- Expected equipment start date.
- Type of equipment being permitted.
In this section, you are trying to give the permitting engineer enough information so that they can understand which rules are applicable to the equipment.
Component 4. Process Description
Now in component two, you gave the SCAQMD a description of the actual piece of equipment being permitted.
In this section, you need to tell the SCAQMD a little about the process that this equipment will serve.
You can include items like:
- What does the process make?
- It this process a new or existing process?
- What are the emission points of the process?
- What are the types of pollutants emitted from this process?
- Any control devices that will be used.
Component 5. Emissions Data
As part of your application, you will need to calculate emissions from the equipment that is being permitted.
While, the actual emissions calculations are part of component 6; this section presents the actual data sources that will be used to estimate emissions.
So you will need to ask yourself…how will you estimate emissions?
- Source test?
- A BACT limit?
- AP42 database?
- Manufacturer specification?
- Emissions guarantee?
- Specific rule limit?
Whatever the case, you need to identify clearly, the data source that will be used to estimate emissions.
Also, you will also want to attach any documentation as an appendix to your permit application.
Component 6. Emissions Calculations
There are eight emission rates that need to be calculated within your permit application.
Eight for the criteria pollutants and three for any air toxics.
- AHU: Average Hourly Uncontrolled
- AHC: Average Hourly Controlled
- MHC: Maximum Hourly Controlled
- MHU: Maximum Hourly Uncontrolled
- MDC: Maximum Daily Controlled
- MDU: Maximum Daily Uncontrolled
- 30DA: 30-Day Average
- AA: Annual Average
- MHU: Maximum Hourly Uncontrolled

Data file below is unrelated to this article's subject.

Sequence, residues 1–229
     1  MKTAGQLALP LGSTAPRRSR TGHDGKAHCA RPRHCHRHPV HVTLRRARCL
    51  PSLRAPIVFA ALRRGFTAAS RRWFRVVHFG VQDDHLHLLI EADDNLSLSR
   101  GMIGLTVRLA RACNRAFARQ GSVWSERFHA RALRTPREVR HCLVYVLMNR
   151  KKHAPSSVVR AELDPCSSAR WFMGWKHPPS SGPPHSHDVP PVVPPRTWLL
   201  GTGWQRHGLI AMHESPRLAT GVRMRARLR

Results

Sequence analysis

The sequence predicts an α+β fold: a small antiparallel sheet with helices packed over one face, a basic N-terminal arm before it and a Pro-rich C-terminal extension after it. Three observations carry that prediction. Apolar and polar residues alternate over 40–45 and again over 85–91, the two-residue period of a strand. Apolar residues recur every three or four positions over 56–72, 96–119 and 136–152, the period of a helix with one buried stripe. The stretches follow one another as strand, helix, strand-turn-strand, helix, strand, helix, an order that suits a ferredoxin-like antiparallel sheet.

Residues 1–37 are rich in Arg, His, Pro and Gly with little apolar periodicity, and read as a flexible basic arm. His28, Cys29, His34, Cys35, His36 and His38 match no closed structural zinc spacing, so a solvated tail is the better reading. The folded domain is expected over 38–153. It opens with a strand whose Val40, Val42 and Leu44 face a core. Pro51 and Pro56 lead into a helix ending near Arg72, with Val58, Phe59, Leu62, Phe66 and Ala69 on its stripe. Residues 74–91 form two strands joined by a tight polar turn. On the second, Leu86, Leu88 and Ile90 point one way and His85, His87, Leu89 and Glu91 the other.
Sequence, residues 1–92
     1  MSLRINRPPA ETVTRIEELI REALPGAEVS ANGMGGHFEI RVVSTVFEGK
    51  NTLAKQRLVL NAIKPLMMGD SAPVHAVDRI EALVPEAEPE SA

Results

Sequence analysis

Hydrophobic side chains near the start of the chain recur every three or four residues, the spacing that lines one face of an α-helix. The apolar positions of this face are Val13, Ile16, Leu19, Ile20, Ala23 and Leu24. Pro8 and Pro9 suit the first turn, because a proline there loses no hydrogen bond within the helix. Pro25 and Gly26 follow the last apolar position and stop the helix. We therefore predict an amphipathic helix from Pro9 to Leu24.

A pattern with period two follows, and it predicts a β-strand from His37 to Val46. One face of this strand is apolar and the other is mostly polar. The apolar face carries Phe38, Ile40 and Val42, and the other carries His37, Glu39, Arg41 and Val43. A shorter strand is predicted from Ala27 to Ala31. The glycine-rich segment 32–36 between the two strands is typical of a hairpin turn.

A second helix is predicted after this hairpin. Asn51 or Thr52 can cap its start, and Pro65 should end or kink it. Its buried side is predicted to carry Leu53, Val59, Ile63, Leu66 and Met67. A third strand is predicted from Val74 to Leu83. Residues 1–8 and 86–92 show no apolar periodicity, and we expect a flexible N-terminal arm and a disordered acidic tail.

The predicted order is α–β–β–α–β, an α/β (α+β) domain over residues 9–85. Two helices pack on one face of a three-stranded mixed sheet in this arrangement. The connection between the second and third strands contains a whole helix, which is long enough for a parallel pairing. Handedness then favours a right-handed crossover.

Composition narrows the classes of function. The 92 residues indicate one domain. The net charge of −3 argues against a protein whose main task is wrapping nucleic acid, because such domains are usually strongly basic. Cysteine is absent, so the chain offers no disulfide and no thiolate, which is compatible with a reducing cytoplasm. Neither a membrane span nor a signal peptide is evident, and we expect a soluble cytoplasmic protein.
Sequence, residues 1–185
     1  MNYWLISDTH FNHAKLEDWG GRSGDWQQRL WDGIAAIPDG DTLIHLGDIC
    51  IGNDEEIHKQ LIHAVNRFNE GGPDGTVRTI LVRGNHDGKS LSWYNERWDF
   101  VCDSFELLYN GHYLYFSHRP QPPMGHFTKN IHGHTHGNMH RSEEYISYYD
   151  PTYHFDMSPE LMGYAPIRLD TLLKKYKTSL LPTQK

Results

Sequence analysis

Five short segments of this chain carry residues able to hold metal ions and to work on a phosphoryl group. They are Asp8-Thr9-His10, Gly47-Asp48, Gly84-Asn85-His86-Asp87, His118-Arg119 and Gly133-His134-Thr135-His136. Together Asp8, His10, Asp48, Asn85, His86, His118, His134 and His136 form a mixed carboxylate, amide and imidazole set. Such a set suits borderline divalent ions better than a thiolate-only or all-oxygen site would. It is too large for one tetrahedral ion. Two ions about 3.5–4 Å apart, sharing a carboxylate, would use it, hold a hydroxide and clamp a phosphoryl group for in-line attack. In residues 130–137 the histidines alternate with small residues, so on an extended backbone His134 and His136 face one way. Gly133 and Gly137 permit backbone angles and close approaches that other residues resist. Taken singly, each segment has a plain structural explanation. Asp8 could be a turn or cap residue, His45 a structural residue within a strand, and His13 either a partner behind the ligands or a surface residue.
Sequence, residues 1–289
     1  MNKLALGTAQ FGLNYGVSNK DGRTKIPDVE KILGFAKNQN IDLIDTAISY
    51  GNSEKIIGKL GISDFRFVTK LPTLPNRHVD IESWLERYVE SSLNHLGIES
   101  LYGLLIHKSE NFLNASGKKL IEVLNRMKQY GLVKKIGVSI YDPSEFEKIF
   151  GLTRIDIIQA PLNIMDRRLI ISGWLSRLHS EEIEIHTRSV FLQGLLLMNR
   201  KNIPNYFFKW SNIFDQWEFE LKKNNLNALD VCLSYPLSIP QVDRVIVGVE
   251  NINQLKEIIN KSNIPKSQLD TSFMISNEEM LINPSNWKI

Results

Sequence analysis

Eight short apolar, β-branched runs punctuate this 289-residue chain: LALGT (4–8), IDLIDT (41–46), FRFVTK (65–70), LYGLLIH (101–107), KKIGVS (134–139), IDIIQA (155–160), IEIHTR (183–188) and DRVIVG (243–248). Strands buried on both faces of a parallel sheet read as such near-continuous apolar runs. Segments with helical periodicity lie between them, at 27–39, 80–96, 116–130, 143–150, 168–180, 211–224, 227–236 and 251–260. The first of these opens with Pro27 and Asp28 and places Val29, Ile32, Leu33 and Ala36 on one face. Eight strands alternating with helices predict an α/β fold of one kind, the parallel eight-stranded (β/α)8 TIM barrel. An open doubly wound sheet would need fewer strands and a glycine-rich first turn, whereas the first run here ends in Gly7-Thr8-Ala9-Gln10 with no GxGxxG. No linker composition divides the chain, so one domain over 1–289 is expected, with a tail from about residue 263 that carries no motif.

- MHC: Maximum Hourly Controlled
- MAC: Maximum Annual Controlled
All 11 of these emission rates are used to determine compliance with Regulation XIII (New Source Review), and Regulation XIV (Toxics).
In this section, you will also want to show an example calculation for each type of emission rate.
Component 7. Health Risk Assessment
The toxic pollutant emissions calculated in component 6, are used to determine compliance with Regulation XIV.
One of the ways that compliance with Regulation XIV is assessed is through the completion of a health risk assessment according to Rule 1401.
The AQMD has put together a comprehensive guidance document on how to complete an HRA according to Rule 1401.
Component 8. Rule Evaluation
The rule evaluation is a major component of the entire engineering evaluation because it requires you to identify all of the rules that apply to the piece of equipment being permitted.
To complete the rule evaluation, you need to go through the each regulation, and determine, not only which rules apply, but how the equipment will demonstrate compliance with each rule.
When completing the rule evaluation, you need to keep in mind that the main focus of the permit application, is so that the SCAQMD can make a decision as to whether or not, the equipment can operate in compliance with all of the rules and regulations of the SCAQMD.